My uncle, Ube, was a great fisherman. He was my first example of a good man. Mama calls him so and our neighbours see him so. He goes to the river every day and never forgets to bring me fingerlings—daughters of the queen of the coast. Those he instructed mama to prepare for me with much pepper, to give me good health. I first ate it when I had caught a fever—but I found it wicked then, giving pepper to an ailing child; I now relish every bit and sip of Nkwobi soup. Occasionally, he gifts mama bowlful of fish that, she sells at the eke market.
Since Pa’s death, he has been good to Mama and me; he promised to see me to any level at school, if I remained a good girl. But, who doesn’t want to be in his good books like Itegiri, the daughter of our village Baptist pastor? Therefore, mama and I are most grateful for all his goodwill; even, the neighbours have kind words to say about him. Not just because he takes care of his maternal relations but he was such a generous man to all that comes his way.
He is found of children and plays with us as if he were our father. Our parents allowed this, to compensate for his lack of children. Uncle Ube has no wife and hardly thinks of getting one. When we play with him, he gifts out sweets, especially to the well-behaved ones, which I am always among.
He asks us to deep hands into his pockets and play with an Nsi’monkey that is hidden there; the longer we played the bigger were our rewards. Only Itegiri ever complained of not liking to play with the Nsi’monkey:
‘Nsi’monkey usually messes up my hand with Catarrh!’ she voiced, one day.
Uncle Ube called her a bad girl and we never called her along to Uncle Ube’s house anymore.
Uncle Ube came to our hut on the last eke market day when mama had gone to sell her fish. He asked after mama and I told him where to find her. He complained of tiredness and I gave him a stool in the room to rest. Moments later he called me and requested I play with Nsi’monkey
‘But, the fun would be lost without other children here?’ I complained
‘No, the better for you to take all the rewards.’ He countered
As I started playing with the Nsi’monkey; Uncle Ube reached out to grab my breasts, I wondered what he was up to. He smiled. He cupped my breasts in the bowl of his hands and smiled again.
‘You’re a good girl. If you continue to make me happy like this I would never let you suffer again’
I started losing consciousness but Uncle Ube’s hands were hurting me, yet I didn’t want him to take them off. He started talking again but they went muffled in my hearing.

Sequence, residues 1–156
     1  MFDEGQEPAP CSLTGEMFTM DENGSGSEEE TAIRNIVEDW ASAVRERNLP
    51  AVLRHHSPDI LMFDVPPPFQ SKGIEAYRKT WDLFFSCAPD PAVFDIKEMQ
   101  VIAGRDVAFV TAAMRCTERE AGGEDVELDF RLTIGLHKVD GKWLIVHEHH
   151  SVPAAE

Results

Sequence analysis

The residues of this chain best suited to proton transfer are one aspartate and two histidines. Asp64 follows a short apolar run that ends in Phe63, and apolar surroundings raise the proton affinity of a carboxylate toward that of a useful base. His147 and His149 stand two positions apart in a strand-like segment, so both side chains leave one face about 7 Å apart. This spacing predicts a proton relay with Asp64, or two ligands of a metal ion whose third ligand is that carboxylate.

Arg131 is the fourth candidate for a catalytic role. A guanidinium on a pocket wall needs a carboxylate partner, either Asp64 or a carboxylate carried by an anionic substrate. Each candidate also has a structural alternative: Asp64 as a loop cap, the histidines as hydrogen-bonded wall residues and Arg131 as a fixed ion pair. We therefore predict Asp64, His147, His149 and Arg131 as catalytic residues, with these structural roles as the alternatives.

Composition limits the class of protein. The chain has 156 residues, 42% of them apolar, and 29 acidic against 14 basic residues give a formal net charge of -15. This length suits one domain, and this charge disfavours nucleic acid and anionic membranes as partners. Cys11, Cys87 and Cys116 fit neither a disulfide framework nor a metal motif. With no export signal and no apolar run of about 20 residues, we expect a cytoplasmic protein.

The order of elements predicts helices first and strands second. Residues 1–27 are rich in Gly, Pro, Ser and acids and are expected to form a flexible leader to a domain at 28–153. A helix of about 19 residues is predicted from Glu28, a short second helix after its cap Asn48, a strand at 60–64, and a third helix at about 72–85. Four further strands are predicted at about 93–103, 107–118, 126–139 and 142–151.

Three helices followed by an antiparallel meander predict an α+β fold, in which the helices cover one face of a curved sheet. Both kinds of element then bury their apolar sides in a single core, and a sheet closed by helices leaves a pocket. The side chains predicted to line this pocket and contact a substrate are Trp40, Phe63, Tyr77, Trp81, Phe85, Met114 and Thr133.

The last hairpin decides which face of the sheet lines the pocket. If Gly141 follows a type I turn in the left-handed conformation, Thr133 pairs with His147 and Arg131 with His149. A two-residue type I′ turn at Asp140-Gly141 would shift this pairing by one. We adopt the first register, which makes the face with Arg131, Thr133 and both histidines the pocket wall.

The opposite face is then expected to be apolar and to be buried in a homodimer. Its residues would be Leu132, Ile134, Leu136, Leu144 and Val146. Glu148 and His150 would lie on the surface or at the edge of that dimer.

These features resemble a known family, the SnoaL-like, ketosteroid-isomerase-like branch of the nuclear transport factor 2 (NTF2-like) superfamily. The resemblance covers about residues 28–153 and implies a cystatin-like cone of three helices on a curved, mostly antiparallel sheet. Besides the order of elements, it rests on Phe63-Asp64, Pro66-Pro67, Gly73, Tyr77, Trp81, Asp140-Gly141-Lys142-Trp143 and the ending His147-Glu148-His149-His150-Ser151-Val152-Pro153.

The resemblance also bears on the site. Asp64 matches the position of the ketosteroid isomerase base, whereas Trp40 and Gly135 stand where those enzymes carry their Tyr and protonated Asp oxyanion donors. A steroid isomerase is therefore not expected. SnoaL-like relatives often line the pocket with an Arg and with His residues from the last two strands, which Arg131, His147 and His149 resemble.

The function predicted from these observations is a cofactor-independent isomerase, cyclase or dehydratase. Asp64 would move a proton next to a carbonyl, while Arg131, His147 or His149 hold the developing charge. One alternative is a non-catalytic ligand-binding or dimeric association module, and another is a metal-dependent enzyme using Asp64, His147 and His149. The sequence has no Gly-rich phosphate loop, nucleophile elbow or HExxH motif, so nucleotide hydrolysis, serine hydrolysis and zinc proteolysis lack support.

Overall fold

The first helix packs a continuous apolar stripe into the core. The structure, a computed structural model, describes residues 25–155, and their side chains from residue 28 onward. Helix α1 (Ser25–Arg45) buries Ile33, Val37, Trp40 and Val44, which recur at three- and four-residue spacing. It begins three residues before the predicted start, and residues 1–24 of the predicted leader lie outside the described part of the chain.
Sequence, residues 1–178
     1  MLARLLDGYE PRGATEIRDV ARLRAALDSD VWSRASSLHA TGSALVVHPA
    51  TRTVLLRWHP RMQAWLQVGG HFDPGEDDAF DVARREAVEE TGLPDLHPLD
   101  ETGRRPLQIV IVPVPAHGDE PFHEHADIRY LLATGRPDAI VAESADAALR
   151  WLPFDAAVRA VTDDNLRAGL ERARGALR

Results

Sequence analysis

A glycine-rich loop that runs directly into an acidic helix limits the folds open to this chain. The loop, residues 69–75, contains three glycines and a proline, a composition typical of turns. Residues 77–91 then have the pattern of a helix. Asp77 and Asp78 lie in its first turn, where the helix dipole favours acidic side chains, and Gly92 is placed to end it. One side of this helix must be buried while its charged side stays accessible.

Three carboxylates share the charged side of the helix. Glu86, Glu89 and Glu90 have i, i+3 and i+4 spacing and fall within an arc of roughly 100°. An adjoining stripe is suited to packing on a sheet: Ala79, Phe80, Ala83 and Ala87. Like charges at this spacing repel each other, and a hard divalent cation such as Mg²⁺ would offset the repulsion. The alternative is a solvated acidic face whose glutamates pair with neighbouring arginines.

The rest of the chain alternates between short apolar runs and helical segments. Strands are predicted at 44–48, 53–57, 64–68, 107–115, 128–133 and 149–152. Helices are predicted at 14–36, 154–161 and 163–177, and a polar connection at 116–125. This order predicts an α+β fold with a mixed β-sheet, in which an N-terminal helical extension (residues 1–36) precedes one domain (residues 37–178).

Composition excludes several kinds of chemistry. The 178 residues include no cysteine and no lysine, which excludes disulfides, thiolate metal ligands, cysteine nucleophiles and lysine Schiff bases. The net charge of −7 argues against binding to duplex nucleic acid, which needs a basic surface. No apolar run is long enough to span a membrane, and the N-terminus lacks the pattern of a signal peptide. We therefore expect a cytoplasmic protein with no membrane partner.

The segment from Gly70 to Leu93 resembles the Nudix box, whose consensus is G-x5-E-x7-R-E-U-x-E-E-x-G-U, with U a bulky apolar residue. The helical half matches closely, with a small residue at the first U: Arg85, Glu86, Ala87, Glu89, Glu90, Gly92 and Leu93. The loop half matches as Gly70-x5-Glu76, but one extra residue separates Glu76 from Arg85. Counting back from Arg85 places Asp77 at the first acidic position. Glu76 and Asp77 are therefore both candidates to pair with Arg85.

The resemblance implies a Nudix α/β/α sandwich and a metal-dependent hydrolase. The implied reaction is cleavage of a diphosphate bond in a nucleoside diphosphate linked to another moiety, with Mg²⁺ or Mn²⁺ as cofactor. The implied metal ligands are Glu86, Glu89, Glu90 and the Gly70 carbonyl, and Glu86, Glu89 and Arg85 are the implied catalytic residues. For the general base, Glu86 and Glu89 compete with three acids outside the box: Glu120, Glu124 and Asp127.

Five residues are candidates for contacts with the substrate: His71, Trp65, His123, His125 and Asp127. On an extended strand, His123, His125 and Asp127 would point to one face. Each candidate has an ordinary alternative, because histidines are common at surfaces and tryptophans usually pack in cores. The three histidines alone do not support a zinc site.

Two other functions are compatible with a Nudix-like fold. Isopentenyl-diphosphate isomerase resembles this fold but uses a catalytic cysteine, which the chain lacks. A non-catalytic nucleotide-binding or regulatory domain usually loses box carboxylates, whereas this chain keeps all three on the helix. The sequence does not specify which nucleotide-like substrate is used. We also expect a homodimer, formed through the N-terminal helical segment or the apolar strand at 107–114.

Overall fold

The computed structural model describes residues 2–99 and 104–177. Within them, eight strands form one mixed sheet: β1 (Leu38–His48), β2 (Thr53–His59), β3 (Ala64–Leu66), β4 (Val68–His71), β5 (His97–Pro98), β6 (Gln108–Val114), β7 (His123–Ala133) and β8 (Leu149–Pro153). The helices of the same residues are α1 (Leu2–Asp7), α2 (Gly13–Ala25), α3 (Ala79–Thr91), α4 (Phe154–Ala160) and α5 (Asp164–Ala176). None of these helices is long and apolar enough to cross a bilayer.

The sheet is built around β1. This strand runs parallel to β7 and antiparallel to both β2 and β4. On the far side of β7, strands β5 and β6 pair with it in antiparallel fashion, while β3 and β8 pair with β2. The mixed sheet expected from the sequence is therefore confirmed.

‘…never let anyone know; not even your mother.’
Though lost to other words, that mention of mama stopped my heart and I jerked off from his laps. Mama has warned me about keeping secretes from her and how can her own brother tell me to do so.
‘Don’t do that, you don’t want to get me angry, do you? he asked in persuasive tone
Do you remember the Igbe feast garments that I promised you and your mother, I won’t get them for you again; you and your mother would be shamed by the community. Now, come here and play along I won’t hurt you’
I thought of the humiliation that mama would face if he kept his threat, and if what I am doing is right. Uncle Ube is a good man mama often says and why do I want to enter his bad books like Itegiri?
‘Nsi’monkey has poured catarrh on my hands, too.’ I complained.
Besides, why don’t you want Mama to know?’ I queried.
‘It’s because I want to surprise her.’ He said reassuringly.
‘Hope you will buy those Igbe garment for us still?’ I asked again
‘Yes, if you’ll be a good girl still.’ He said.
‘Why won’t she be a good girl?’ Mama’s voice thundered from the balcony
I ran inside to clean up my soiled hands before mama would think I have been playing with catarrh to irritate Uncle Ube.
‘Apkevwe, it is good that you are back’ Uncle fired back
‘Your daughter may have started joining bad groups you had better admonish her to remain a good girl, or else, I will hands off your affairs in this house.
‘Nweke! What has come over her? God forbid evil!
As I returned into the room, Uncle Ube stormed out of our hut.
Mama asked what happened but I couldn’t utter a word. I did not understand what suddenly turned up Uncle Ube’s rage; I haven’t said I won’t play with his Nsi’monkey.
Mama pleaded with me to be a good girl and continue to please the kind human spirit the gods had sent our way. She begged me to behave well not to incur the wrath of uncle Ube before the Igbe feast. She sent me to go and apologise to him before his anger settles down in his mind.
Uncle Ube was furious, I begged him and begged but he wouldn’t bug, so I dipped my hands down his pockets and grabbed at his Nsi’monkey. He smiled at my sudden use of initiative and rose to touch my breasts, I was hesitant but I remembered mama’s admonition to do everything that pleases him.
He took off his clothes to reveal a huge bulge down his member and I was scared.
Mama barged in, two hours later, and met me weeping in a pool of my own blood. She screamed. But, I passed out, thinking the world had come to an end.
No one has seen Uncle Ube since then, and most people look at me with some hidden scorn. Was I ever wrong to have heeded mama’s voice?